The New York Racing Association, which has long resisted revealing salaries of its top executives, has furnished the information to a top state regulator at a time it is warning of running out of cash later this summer.
In a letter to the head of a government financial oversight board, NYRA chairman C. Steven Duncker defended the salary structure as lower than most racing corporations – and at levels that put NYRA “at a serious competitive disadvantage when competing to hire top racing executives.”
The top salary at NYRA belong to its president, Charles Hayward, who makes $460,000 annually. Chief operating officer Howard (Hal) Handel makes $440,000.
In releasing the salaries to the state, NYRA included a comparative analysis of compensation by executives at other racing corporations that shows the NYRA salaries “are at levels on par with the industry as a whole and are far below the levels paid by NYRA’s comparable top competitors.”
The comparisons, using data from three outside consulting companies, shows only the most senior of positions at Churchill Downs, Magna Entertainment Corp., and Penn National -- which were revealed from federal Securities and Exchange Commission filing -- and Keeneland and Del Mar, whose salary levels could not be obtained because those private companies do not release salary information, NYRA said.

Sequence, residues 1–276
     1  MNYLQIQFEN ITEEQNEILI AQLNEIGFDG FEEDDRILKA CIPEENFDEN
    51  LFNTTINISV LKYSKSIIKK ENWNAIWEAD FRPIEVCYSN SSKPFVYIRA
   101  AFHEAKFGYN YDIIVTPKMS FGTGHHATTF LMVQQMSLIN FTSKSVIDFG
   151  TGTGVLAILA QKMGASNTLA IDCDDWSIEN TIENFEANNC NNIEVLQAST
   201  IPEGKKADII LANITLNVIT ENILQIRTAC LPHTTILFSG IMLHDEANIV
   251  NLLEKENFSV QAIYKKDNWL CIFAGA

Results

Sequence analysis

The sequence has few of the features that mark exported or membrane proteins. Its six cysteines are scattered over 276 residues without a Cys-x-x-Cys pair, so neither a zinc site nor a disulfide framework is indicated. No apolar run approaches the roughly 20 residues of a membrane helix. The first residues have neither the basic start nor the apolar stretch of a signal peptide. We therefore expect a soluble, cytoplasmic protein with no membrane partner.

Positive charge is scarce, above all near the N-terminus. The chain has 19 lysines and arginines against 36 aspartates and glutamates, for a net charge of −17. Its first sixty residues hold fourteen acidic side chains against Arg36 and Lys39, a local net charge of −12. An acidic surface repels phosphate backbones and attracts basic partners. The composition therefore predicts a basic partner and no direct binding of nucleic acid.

Robert Megna, chairman of the New York State Franchise Oversight Board, which oversees NYRA’s finances, at a recent board meeting pushed NYRA to release the salary data. NYRA, claiming it is owed at least $15 million by the New York City Off-Track Betting Corp., a state entity, says its cash flow problems are being exacerbated by delays by the state in opening a long-awaited casino at Aqueduct Racetrack, which would provide revenue-sharing proceeds to NYRA.
Megna declined comment on the NYRA salary information. Matt Anderson, a spokesman for Megna, who is director of Gov. David Paterson’s budget division, said the franchise oversight chairman had just gotten the NYRA salary information and wants to review it more closely before commenting.
But a Paterson administration official lashed out at the salary levels as excessive.
“There’s a lot of concern over the exorbitant salaries that we’re just learning about now after years of asking them to release this information,” said a Paterson official who spoke on condition of anonymity.